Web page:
It is your diabetes and you are the person who has to live with it. The sooner you get used to adjusting your own insulin dose the better. I am astounded by the number of diabetics who know that their glucose control is poor but who wait, sometimes for months, until their next appointment for the doctor to tell them to increase their insulin. Many diabetics are afraid that a small change in their insulin dose will cause a catastrophic hypoglycemic reaction. It is most unusual for this to happen. I usually suggest that anyone who needs to alter the insulin dose starts by adjusting it by one unit at the appropriate time and watches what happens over the next two or three days, making further one unit changes as needed after this. Gradually, most diabetics find that they can make adjustments of two, three or four units at a time if necessary. Discuss how you should set about adjusting your insulin dose with your doctor or diabetic adviser.
I need hardly say that you should reduce your insulin if you are suffering hypoglycemic episodes and increase it if your blood glucose level is high. If you are taking a combination of insulins you must consider which one is acting at that particular time.

Adjusting your diet
In trying to correct a low or high blood glucose level at a given time of day, it may be simpler, or more appropriate, to adjust your diet rather than your insulin or pills. Perhaps you are using extra energy at that time and need an extra snack. But beware of a common trap – too much insulin makes you hungry or hypoglycemic, so you eat more and your glucose level goes up, then you take more insulin and get hungry again, then you eat more and get fat and become even more resistant to the action of insulin. Perhaps the timing of your meals or snacks could be modified.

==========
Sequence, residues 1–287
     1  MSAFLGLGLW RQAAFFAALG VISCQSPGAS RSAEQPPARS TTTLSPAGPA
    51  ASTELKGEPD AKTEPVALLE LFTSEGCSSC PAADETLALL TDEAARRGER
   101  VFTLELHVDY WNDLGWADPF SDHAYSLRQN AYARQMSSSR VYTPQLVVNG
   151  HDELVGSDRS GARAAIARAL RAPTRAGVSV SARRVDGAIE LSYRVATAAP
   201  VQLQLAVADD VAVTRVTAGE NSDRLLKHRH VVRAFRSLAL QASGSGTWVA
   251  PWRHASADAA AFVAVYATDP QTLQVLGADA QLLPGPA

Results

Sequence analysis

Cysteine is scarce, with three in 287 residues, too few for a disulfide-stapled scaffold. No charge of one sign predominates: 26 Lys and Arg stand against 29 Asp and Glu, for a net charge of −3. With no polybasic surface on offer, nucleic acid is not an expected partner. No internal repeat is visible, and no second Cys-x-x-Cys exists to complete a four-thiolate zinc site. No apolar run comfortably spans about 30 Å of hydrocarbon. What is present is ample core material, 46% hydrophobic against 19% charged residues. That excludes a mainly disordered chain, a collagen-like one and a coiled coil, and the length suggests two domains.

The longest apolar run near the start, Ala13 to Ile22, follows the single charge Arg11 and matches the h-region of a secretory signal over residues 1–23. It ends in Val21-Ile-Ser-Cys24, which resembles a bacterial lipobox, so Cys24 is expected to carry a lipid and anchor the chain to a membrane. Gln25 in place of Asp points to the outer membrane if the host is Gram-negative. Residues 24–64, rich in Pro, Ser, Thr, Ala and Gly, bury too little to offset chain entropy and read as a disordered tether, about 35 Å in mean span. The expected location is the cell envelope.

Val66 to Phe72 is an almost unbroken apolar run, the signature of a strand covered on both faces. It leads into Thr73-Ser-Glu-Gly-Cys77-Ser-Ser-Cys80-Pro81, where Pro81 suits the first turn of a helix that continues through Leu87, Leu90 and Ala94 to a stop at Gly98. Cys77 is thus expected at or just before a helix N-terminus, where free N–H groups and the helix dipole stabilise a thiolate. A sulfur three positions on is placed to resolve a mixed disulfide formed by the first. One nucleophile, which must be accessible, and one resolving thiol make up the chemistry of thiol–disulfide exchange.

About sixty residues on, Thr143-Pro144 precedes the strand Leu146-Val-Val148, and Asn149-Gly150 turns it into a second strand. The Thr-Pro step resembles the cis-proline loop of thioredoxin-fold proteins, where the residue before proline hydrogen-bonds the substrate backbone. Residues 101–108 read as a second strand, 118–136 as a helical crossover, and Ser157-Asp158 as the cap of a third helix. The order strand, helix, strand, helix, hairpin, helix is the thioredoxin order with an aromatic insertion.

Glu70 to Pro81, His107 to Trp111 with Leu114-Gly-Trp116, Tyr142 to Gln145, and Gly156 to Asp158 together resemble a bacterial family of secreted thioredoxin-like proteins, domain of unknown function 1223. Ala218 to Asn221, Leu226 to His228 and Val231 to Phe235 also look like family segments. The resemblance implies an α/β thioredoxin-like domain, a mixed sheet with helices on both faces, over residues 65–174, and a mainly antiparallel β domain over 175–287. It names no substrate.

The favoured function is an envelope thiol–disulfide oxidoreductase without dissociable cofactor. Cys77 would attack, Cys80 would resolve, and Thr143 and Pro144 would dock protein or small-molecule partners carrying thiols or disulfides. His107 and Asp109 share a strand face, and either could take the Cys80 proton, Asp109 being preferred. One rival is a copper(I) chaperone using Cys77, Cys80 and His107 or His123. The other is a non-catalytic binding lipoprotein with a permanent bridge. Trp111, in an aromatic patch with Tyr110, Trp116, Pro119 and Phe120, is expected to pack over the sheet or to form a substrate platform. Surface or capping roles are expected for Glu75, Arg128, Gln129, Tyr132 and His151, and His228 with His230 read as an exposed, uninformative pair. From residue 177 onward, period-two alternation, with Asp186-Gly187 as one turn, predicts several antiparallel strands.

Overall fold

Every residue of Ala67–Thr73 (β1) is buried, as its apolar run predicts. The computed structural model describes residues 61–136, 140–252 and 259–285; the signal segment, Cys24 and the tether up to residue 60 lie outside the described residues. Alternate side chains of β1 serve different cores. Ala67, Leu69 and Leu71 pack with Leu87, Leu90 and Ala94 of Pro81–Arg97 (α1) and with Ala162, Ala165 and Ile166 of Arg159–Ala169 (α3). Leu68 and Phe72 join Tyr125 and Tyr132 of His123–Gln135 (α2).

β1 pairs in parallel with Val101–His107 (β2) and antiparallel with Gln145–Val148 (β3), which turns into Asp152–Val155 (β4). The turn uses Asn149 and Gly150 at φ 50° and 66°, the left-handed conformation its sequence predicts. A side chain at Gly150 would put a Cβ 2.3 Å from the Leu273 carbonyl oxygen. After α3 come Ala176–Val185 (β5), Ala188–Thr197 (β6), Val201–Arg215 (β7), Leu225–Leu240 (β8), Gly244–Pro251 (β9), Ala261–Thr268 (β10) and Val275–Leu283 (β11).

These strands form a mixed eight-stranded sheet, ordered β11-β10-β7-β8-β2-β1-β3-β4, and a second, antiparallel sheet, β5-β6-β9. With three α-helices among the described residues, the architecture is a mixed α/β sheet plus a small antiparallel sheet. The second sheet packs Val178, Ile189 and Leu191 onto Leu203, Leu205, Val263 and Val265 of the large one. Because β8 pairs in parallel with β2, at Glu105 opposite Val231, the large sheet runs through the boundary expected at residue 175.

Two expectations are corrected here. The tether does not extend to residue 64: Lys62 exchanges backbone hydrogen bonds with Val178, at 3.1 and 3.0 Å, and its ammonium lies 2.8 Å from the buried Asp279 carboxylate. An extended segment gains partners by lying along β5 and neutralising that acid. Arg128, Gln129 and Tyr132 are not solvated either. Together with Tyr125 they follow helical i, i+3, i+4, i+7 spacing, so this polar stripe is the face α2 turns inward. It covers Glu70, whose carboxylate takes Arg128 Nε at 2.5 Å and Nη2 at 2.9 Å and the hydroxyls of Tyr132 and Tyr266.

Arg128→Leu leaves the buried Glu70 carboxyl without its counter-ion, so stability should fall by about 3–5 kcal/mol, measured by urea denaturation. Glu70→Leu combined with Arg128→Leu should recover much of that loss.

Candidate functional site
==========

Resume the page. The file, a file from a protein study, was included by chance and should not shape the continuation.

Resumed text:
Energetic Ed attends our clinic. He has succeeded in adjusting his diet to suit a varied and very active life.
Ed is twenty-four years old and works as a general builder and decorator. He is a very athletic man; he plays tennis several times a week, plays football most weekends and plays the drums in a rock group. He has been diabetic for four years and has never let his diabetes get in his way. He takes rapid-acting and medium-acting insulin twice daily – sixteen units Velosulin and twenty-eight units Insulatard in the morning and ten units Velosulin with eighteen units Insulatard in the evening.
One Monday morning he was going to demolish a brick wall as part of a renovation scheme on a large project. He knew that this would use more energy than, for example, painting or carpentry. That morning therefore, he reduced his fast-acting Velosulin by four units and not only ate a larger breakfast than usual (double helpings of cereal, and an extra slice of toast) but took an extra snack to eat during the morning. He always plays tennis on Monday nights so his usual food and insulin were already adjusted for that.
The following day Ed’s job was to prepare some of the outside woodwork for painting. Because this was less energetic, he had his usual insulin and food that morning. However, at lunchtime he played an unexpected and vigorous game of football with his mates and ate his emergency biscuits from the tin he always keeps in his toolbox. That night his rock group was booked to play at a birthday party. Ed puts everything he’s got into the drumming! He reduced his evening Velosulin to eight units and, because it was a late night party, reduced his Insulatard to sixteen units. He ate his usual evening meal but had a snack while he was setting up the amplifiers at the party. He also ate some bread, cheese and fruit at the party. He restricted his beer intake to one pint (unlike the rest of the group) because he had had a bad hypoglycemic attack two years previously after a similar party when he drank too much and ate too little and his glucose fell during the night. When he finally got home at three in the morning he had a bowl of cereal before he went to bed.


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